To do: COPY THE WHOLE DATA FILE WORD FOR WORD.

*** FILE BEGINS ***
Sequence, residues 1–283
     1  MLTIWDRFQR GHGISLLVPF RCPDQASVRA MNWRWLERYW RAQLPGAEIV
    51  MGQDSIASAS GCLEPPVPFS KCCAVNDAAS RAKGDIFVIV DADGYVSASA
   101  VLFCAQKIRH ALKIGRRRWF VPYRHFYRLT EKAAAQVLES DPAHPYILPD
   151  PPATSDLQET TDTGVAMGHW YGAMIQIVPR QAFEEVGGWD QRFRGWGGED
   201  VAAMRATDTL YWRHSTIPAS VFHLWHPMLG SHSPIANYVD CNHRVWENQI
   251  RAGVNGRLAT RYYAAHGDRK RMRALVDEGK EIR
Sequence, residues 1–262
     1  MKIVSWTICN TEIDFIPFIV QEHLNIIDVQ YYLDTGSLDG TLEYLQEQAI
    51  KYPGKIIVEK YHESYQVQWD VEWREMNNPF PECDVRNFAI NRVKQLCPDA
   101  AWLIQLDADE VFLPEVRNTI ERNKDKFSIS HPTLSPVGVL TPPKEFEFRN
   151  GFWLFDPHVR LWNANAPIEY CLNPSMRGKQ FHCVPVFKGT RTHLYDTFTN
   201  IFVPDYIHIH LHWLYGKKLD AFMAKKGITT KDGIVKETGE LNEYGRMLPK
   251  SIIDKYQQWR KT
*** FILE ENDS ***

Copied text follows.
Sequence, residues 1–283
     1  MLTIWDRFQR GHGISLLVPF RCPDQASVRA MNWRWLERYW RAQLPGAEIV
    51  MGQDSIASAS GCLEPPVPFS KCCAVNDAAS RAKGDIFVIV DADGYVSASA
   101  VLFCAQKIRH ALKIGRRRWF VPYRHFYRLT EKAAAQVLES DPAHPYILPD
   151  PPATSDLQET TDTGVAMGHW YGAMIQIVPR QAFEEVGGWD QRFRGWGGED
   201  VAAMRATDTL YWRHSTIPAS VFHLWHPMLG SHSPIANYVD CNHRVWENQI
   251  RAGVNGRLAT RYYAAHGDRK RMRALVDEGK EIR
Sequence, residues 1–262
     1  MKIVSWTICN TEIDFIPFIV QEHLNIIDVQ YYLDTGSLDG TLEYLQEQAI
    51  KYPGKIIVEK YHESYQVQWD VEWREMNNPF PECDVRNFAI NRVKQLCPDA
   101  AWLIQLDADE VFLPEVRNTI ERNKDKFSIS HPTLSPVGVL TPPKEFEFRN
   151  GFWLFDPHVR LWNANAPIEY CLNPSMRGKQ FHCVPVFKGT RTHLYDTFTN
   201  IFVPDYIHIH LHWLYGKKLD AFMAKKGITT KDGIVKETGE LNEYGRMLPK
   251  SIIDKYQQWR KT